Chimento Contemporary presents Kim Schoenstadt’s second solo exhibition at the gallery opening March 24 and Kim Schoenstadt’s solo booth at Volta NY March 7-11, 2018.
Fresh off the final US iteration of Now Be Here in Washington, D.C., the project that photographs female identifying artists en mass, Schoenstadt tackles the relationship between situational context and individual perspective in a series of new mixed media works. Continuing to explore human impulses and issues behind our built environment through her signature language of symbolic architecture and spatially engaged installation, Schoenstadt has devised a body of work addressing the tensions between context (cultural and greater sociopolitical relations) and perspective (subjective individual view). Her new works lean out from the wall to claim sculptural space with delicate suspension.
This series combine, contrast, and conflate well-known buildings that reflect social unrest, including the FBI headquarters in DC and buildings from the former Soviet Union. When we talk about architecture it may not seem immediately necessary to speak of politics. But with municipal buildings, the design is more than an expression of the aesthetic zeitgeist, it is also a vehicle for promoting civic values and agendas that Schoenstadt urges citizens to question.
The exhibition features a large wall drawing, Exercises in Perspective #2, featuring municipal architecture from around the world. The work invades the gallery’s space through the use of protruding perspective lines, serving as the visual and lexicographical fulcrum for the whole series. Additionally two paper-based series are enlarged passages lifted directly from within the context of the wall drawing, like detailed map insets. These works explore that it is possible for humans to have many views of a single event. In one series of works Schoenstadt recast shapes from the main drawing by cutting parts out of wood and tethering them onto the page with blue line. Within these works Schoenstadt nods to the Cubist WWII “Dazzle Camouflage” creating the impression of gradually changing colors through the use of a single grey. This is a physical manifestation of her central idea.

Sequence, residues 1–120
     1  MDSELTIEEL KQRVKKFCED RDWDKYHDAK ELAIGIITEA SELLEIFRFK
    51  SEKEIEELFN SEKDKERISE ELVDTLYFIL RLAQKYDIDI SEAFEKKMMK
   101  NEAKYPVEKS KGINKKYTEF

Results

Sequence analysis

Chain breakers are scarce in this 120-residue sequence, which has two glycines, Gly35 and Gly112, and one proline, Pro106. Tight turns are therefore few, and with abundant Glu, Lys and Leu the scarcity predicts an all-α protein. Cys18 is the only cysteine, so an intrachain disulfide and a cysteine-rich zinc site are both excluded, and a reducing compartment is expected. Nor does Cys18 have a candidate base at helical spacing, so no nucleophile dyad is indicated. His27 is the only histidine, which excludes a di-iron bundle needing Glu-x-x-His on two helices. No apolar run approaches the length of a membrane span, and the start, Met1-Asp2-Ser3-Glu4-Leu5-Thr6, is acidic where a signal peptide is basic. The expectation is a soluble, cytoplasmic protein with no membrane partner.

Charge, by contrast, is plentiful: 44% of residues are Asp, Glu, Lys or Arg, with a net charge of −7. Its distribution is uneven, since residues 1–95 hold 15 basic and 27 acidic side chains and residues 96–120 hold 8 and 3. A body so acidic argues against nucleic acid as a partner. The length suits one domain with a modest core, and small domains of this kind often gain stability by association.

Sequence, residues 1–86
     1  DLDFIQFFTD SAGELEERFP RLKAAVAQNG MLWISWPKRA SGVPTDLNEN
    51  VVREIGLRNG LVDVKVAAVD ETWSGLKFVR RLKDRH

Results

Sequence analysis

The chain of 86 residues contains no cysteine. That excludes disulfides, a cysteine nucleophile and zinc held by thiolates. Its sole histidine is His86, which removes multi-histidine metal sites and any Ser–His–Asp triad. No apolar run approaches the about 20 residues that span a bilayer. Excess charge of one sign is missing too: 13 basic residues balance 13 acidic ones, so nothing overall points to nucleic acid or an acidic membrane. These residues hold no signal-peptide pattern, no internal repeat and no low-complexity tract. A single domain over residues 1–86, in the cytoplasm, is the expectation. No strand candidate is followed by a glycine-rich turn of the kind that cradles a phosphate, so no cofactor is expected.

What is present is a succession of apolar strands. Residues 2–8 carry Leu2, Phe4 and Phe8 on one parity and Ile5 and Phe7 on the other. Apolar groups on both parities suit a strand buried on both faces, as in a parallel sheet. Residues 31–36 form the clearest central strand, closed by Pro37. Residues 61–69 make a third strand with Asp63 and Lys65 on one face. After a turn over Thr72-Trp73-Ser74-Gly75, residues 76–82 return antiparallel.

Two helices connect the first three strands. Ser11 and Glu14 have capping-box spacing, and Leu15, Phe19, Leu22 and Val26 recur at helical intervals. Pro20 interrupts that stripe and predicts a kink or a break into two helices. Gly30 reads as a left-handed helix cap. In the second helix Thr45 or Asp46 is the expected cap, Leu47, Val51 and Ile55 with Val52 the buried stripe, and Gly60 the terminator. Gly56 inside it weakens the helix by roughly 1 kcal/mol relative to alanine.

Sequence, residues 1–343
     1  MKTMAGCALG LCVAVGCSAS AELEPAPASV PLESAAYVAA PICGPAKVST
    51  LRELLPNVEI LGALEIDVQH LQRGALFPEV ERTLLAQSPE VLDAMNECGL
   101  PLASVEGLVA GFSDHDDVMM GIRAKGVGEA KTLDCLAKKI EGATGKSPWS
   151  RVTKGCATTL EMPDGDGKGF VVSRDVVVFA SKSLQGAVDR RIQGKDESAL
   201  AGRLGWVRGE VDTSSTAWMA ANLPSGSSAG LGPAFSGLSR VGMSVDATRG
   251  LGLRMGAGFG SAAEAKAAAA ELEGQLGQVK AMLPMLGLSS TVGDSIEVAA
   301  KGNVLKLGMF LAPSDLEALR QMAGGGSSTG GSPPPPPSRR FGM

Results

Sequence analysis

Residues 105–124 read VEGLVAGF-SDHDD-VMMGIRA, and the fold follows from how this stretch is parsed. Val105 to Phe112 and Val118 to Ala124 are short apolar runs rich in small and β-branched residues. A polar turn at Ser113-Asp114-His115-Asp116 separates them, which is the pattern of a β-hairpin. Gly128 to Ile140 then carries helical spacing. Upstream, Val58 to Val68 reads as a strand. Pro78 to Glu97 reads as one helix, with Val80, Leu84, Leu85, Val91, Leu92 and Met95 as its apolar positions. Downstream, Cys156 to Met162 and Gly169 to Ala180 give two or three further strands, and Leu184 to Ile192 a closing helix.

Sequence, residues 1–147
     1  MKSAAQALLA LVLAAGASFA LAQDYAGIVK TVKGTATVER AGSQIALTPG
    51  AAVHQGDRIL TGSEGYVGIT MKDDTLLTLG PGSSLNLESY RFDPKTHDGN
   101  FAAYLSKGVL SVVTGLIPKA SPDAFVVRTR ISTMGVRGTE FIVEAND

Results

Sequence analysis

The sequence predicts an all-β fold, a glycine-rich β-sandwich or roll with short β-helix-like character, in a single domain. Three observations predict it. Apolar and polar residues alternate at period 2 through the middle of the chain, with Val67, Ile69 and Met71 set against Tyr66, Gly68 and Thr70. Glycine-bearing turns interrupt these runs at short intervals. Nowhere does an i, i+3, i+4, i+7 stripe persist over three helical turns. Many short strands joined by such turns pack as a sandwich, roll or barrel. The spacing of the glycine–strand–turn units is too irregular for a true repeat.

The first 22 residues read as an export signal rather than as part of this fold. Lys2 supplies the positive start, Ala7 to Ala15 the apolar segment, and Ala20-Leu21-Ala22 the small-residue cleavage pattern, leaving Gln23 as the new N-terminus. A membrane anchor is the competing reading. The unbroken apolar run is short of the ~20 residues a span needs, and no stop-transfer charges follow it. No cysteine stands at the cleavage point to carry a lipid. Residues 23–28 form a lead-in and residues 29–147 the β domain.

The other series of works in the exhibition details direct linear perspectives from the main drawing and are suspended or woven with thin blue lines into a frame. On the wall behind the transparent frame lays a background amorphous shape which provides a literal context to see the work within.
Schoenstadt adroitly employs the perspectival space of architectural rendering in order to address differences in human perspective. Vantage points and sight-lines in these works are meant to lead us toward the problematic space of a subjective viewpoint… as if the multiple perspectives in Rashomon and singular perspective in Rear Window were mashed up in the work alongside her interlocking municipal structures. Schoenstadt will continue this exploration as the featured artist in Chimento’s booth for VOLTA NY 2018 March 7-11 Pier 90 booth C13. Like Kusama’s sticker obliterations, Schoenstadt’s Exercise in Perspective #3 invites the audience in the creative and executive process. Viewers will determine, pull, and anchor their perspective lines, throughout the duration of the fair. The participatory nature of this project forces the artist to accept others viewpoints and creates new possibilities in the language of symbolic architectural imagery. Additional information for Volta NY 2018 Here.
Kim Schoenstadt lives and works in Venice, California. Her work has been included in national and international museum and gallery exhibitions. Her work is in the permanent collections of Museum of Contemporary Art, Los Angeles, Museum of Contemporary Art, Chicago, IL., The Van Abbemusuem, Eindhoven, Netherlands. She has also been the recipient of the Smithsonian Artist Research Fellowship, Washington DC, ARC Grant from the Center for Cultural innovation, Los Angeles, CA, and the Catherine Doctorow Prize for Contemporary Painting, The Jarvis and Catherine Doctorow Family Foundation, Salt Lake City, UT.